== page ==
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All I want is to be held.... but that's not what keeps happening.

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earthworm asks:

I am in the predicament of wanting a man to hold me but suspecting that I have not yet mastered my ability to honor my boundaries. When I have asked men to just hold me, they never keep their word, and after becoming turned on from the contact, I lose the will to turn down their advances. These men have had partners, or condemned monogamous relationships, and so sex complicates things emotionally.

Also, all my sexually active life I have been dealing with what my gynecologist recently characterized as vaginismus. So even though I get turned on while cuddling, my vagina rejects a man’s penis. I have to do anal and/or oral, which increasingly fails to completely satisfy the man nor me. Afterward I tend to feel inadequate, used, and defective, especially if I don’t hear from the man again. Not to sound cliché’ but I need human contact! Masturbation doesn’t offer the comfort and security of relaxing in a man’s arms. Maybe I should just ask a female friend to hold me. But the same thing could happen with her. I am almost 23 years old. How do I learn to exercise self restraint, so this cycle will end?

Heather Corinna replies:

I'd like to focus this on the three primary issues you brought up here: your need for basic physical affection, your problem with upholding your own boundaries, and your ideas about how without intercourse, the sex you or anyone else are having cannot possibly satisfy either of you.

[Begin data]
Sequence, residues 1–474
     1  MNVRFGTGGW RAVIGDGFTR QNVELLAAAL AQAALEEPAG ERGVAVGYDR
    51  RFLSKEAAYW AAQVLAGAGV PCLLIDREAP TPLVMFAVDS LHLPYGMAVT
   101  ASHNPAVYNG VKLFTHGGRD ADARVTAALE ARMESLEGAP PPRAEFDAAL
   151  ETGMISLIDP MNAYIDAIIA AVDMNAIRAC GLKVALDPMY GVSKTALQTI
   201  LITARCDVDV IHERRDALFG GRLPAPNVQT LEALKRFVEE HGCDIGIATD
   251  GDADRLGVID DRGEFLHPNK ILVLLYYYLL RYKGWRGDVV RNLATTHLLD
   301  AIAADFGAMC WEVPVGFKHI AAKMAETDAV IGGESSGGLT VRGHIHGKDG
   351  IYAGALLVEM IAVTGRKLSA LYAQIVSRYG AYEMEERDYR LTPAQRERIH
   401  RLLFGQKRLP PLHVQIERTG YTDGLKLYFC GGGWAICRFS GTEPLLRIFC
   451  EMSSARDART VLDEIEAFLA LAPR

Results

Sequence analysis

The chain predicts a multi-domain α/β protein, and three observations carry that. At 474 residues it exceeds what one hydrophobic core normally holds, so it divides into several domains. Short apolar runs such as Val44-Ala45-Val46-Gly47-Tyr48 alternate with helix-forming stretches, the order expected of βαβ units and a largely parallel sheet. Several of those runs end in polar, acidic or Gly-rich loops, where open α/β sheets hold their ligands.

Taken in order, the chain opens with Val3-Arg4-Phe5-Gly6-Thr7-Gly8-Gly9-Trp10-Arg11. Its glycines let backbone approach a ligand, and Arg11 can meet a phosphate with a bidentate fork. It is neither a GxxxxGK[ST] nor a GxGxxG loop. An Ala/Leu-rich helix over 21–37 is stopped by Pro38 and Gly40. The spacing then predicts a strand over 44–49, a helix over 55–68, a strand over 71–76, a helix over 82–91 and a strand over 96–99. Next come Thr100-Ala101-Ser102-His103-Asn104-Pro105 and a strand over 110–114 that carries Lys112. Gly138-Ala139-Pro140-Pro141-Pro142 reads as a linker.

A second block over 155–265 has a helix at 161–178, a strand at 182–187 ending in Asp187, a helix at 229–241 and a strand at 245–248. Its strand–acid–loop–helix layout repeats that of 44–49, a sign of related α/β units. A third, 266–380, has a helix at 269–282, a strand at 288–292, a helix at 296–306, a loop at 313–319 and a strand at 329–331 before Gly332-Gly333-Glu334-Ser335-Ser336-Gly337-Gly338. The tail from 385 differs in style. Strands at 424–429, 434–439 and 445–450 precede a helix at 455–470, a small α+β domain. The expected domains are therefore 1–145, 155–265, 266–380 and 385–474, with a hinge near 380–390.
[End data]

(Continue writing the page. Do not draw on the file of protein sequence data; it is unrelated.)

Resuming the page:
On all of those issues, I want to make this very clear: You are entitled to all kinds of relationships and a sex life that are uniquely about who you are, what you want and need, and the way your unique body and mind is at any given time.

You make clear you need more basic physical affection than you are getting, and that right now, a need to simply be held is very big for you. You are entitled to pursue that need, and entitled to have it met by others with whom you enter into, or are already in, relationships with. You are also entitled to pursuing what kinds of sex you enjoy when you feel aroused if and when you truly feel that desire and feel right in a given relationship to do so, and not just because someone else is going there, or because you're turned on. Mind, what you can't figure is a given, and what you are not entitled to, is any given person sharing your same needs, your same level of need, or wanting the same things you do.